Super Mario Maker‘s Keys and Doors Unlock New Game Designs
Nintendo just pushed a deceptively simple upgrade to Super Mario Maker that has a profound effect on its design.
Players of the Wii U game—which allows you to make and share your own Mario levels—can now add keys and locked doors to their designs. Additionally, they can drop in Red Coins. Collect five and a key appears.
It’s a small feature addition, the sort of thing that wouldn’t take Nintendo very long to implement. But it will cause a fundamental shift in the types of levels players can create. With keys, doors, and collectible-triggered unlocks, you can make non-linear levels that demand thorough exploration to finish. This can leads to levels that feel more like an adventure than a run to the finish.
One extra feature that goes along with the key item adds another wrinkle. Keys also can be hidden inside enemies, which must be defeated to get the key. This unlocks the ability to create boss fights—those epic enemy encounters that must be won before Mario can move on.
Since the game’s September launch, Mario Maker creators have pushed against the limits of the game’s editor, which is intuitive and seamless but doesn’t quite let you do everything you’d find in an official Mario level. People have devised elaborate kludges to simulate mid-level checkpoints and have tried creating “boss battle” type situations to varying, and ultimately unsatisfying, results.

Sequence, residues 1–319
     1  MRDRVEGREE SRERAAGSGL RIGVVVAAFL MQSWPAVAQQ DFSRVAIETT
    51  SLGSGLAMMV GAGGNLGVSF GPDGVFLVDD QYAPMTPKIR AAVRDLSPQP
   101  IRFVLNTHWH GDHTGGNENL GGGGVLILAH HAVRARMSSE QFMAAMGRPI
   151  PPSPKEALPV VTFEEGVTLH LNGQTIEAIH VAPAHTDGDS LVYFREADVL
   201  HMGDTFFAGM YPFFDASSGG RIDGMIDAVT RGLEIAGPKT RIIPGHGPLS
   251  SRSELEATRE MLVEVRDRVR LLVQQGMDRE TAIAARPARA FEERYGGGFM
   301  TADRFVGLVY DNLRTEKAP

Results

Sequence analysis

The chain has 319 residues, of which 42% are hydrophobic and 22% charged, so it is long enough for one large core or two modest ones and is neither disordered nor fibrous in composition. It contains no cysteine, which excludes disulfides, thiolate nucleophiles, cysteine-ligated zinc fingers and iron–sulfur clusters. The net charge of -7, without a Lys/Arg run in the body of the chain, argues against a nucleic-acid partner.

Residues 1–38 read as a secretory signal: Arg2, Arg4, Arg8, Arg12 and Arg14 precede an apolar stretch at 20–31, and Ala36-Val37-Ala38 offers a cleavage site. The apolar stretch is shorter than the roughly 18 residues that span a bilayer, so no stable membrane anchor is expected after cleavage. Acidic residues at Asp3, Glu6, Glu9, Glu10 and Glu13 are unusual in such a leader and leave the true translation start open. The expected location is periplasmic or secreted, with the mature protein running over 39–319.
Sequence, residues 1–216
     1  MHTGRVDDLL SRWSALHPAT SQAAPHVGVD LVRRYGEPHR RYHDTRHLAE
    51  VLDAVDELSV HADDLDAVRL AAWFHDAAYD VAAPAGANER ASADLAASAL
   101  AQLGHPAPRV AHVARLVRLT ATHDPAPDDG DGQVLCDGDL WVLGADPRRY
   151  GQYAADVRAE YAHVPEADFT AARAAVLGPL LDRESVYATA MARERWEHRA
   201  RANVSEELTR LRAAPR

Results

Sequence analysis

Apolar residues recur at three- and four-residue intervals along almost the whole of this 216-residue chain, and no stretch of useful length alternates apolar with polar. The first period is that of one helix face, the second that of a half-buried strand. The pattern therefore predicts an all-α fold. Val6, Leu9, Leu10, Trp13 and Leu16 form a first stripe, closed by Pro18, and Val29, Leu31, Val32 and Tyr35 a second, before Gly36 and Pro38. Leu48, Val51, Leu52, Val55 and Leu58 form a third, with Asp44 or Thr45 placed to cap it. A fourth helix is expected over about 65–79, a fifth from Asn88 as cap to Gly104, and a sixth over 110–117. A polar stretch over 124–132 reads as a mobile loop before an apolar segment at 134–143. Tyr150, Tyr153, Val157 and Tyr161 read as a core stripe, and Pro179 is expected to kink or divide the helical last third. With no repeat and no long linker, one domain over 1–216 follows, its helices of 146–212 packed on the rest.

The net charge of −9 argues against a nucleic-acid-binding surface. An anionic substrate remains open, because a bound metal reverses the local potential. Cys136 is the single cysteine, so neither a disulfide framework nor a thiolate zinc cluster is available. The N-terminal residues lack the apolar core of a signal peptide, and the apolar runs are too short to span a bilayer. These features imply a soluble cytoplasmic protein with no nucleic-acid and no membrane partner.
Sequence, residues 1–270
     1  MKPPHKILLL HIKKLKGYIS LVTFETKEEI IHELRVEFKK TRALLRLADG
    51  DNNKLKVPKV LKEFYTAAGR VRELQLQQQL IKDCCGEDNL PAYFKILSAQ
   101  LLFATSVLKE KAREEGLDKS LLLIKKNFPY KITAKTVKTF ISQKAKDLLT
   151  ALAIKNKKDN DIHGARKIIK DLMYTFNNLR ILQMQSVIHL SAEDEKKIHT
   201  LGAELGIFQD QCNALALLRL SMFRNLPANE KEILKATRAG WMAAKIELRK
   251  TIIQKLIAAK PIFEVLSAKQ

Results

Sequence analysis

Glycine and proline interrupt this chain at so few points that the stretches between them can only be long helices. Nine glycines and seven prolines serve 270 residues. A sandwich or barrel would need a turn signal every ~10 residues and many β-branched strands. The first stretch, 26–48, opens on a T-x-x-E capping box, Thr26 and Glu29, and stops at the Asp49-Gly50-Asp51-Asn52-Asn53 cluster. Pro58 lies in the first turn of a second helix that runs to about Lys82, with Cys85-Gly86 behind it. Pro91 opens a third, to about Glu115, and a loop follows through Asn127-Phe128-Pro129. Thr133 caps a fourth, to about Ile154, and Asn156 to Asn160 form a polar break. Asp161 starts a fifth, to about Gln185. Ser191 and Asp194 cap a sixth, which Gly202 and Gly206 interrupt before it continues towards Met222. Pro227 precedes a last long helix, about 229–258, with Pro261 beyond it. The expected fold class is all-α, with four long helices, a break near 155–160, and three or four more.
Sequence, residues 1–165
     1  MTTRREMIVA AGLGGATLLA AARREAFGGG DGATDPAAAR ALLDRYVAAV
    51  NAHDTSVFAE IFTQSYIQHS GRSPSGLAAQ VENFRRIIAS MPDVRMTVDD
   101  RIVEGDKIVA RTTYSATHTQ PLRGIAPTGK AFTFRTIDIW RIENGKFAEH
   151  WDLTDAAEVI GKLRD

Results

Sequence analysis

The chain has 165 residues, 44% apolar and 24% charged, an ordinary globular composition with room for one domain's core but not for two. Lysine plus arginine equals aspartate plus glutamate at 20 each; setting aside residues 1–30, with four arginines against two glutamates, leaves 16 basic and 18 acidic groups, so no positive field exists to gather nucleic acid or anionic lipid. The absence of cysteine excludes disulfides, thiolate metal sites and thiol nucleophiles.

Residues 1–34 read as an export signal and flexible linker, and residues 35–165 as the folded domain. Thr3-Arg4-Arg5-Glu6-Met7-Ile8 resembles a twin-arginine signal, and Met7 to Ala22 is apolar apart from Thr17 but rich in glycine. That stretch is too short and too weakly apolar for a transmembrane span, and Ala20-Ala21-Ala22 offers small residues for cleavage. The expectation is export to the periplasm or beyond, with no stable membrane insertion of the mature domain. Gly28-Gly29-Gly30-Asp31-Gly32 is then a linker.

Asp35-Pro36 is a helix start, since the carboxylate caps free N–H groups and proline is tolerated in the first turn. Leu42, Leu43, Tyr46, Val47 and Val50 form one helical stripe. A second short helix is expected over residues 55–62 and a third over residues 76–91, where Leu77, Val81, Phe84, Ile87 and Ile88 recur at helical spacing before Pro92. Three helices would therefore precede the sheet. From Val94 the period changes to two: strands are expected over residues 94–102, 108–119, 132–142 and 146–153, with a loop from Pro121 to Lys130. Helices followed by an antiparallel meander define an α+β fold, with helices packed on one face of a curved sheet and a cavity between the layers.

For my first outing with the update, I decided to set my level on an airship, and to place the coins in five far-flung locations. Granted, the openness of the airship levels and the idea of exploring a series of tunnels didn’t seem compatible, but I soldiered on anyway, playing fast and loose with architecture and geography. I knew for sure that I wanted the player to immediately see two things: the locked door they’d have to pass through, and red coin in an inaccessible location. Mission accomplished, I think, on my first screen.
The rest of it I basically made up as I went along, and stopped when I had to go to bed. It’ll take a designer with more attention to detail than me to truly exploit this new feature, but it’s clear that the world of Mario Maker just got a lot more interesting.
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